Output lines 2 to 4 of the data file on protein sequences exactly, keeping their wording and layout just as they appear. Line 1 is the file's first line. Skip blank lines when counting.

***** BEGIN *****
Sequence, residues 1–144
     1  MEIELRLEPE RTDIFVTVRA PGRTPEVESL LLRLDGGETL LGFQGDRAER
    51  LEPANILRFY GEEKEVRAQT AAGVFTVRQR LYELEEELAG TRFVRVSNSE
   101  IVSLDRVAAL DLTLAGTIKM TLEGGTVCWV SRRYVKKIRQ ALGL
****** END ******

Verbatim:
     1  MEIELRLEPE RTDIFVTVRA PGRTPEVESL LLRLDGGETL LGFQGDRAER
    51  LEPANILRFY GEEKEVRAQT AAGVFTVRQR LYELEEELAG TRFVRVSNSE
   101  IVSLDRVAAL DLTLAGTIKM TLEGGTVCWV SRRYVKKIRQ ALGL